On Science, Putin Worse than Stalin

From this story in the UK Telegraph:

Since it was founded by Tsar Peter I in 1724, the Academy [of Sciences] has enjoyed immunity from government interference. Freedom to think and work unfettered has enabled 17 of its alumni since 1904 to win science’s highest plaudit, the Nobel prize. Of those, 14 have been within the past 50 years and the most recent, Vitaly Ginzburg and Alexei Abrikosov, shared the prize for physics in 2003. . . .

Kremlin officials claim the institution needs dragging into the modern world to harness its members’ brainpower for lucrative scientific patents and commerce. But critics fear it will fall victim to Mr Putin’s appetite for control and his distrust of free-thinking institutions.

Prof Vitaly Ginzburg, who is 90 yet still academically active, said Mr Putin’s Russia was worse than Stalin’s Soviet Union. “Of course, in Stalin’s times the Academy was under the control of the central committee of the Communist Party,” he told The Sunday Telegraph.

“But in those days you could come up with an idea and create – that’s how we put the first Sputnik satellite into space. Now the government thinks science must bring only income and profit, which is absurd.”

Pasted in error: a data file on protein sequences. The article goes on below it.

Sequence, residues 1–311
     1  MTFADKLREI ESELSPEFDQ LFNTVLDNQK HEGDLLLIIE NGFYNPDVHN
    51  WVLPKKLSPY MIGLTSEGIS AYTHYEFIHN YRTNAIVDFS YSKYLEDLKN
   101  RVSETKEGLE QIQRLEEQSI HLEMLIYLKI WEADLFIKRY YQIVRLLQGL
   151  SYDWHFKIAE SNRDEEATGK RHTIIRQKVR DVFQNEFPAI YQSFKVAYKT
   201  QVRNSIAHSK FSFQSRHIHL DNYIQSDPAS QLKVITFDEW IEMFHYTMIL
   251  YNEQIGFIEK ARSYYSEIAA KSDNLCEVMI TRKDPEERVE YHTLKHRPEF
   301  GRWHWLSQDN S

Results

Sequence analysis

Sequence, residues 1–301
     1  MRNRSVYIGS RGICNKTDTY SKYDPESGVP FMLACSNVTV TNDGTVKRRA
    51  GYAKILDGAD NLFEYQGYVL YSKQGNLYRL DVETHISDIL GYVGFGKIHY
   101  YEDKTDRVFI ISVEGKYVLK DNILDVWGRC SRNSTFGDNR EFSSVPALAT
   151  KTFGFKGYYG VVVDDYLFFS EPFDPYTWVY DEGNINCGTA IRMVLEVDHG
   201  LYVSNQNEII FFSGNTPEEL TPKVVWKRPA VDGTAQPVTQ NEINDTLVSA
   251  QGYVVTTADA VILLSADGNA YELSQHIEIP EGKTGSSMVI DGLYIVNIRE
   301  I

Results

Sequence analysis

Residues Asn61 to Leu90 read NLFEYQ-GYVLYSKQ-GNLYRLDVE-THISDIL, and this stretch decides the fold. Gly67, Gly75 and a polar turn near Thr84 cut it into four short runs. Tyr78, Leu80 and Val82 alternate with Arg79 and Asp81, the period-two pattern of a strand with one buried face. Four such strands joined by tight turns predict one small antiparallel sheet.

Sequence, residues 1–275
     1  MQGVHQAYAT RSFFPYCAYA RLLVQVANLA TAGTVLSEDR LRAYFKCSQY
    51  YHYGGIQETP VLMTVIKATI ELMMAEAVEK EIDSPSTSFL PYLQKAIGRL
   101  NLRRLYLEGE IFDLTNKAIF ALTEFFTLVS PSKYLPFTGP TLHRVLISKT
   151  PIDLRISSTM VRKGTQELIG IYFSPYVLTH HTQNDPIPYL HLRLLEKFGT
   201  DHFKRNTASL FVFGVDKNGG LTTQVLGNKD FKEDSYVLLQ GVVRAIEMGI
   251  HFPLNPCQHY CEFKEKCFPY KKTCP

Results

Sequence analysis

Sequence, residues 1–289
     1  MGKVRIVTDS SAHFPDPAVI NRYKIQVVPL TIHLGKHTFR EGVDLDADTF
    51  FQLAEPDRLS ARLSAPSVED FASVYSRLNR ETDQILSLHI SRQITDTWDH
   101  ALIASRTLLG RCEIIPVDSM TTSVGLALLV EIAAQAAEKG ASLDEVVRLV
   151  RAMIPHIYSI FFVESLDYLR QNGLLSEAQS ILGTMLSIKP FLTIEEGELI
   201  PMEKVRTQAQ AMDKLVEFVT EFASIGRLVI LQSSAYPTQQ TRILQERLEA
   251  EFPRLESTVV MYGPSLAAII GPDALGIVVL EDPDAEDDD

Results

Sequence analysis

He added: “Of course it is about Putin. Our democracy is far from ideal.”

The Kremlin tried last year to gain political leverage, but its officials failed to gain election to the academy. Some were said be so ignorant they could not explain the law of gravity.

We have no doubt that those same Kremlin officials will soon pass a new, stricter, law of gravity. Under Putin, as in Orwell, free speech equals dissent and free thought equals thought crime. And who needs science and innovation when you have oil at $65/barrel? Science is just another resource to be put under Kremlin control and squeezed dry.

As Garry Kasparov wrote in a Wall Street Journal editorial last August, “I am horrified as I watch my country turn into an oil-and-gas empire. From struggling workers in Vladivostok to top-notch lawyers in Moscow, we are a people proud of our intellectual traditions. Russia is a country of great literature and scientific accomplishments. It should not be our destiny to become another Saudi Arabia or Venezuela, to quite literally fuel the achievements of other nations while we lose ground.”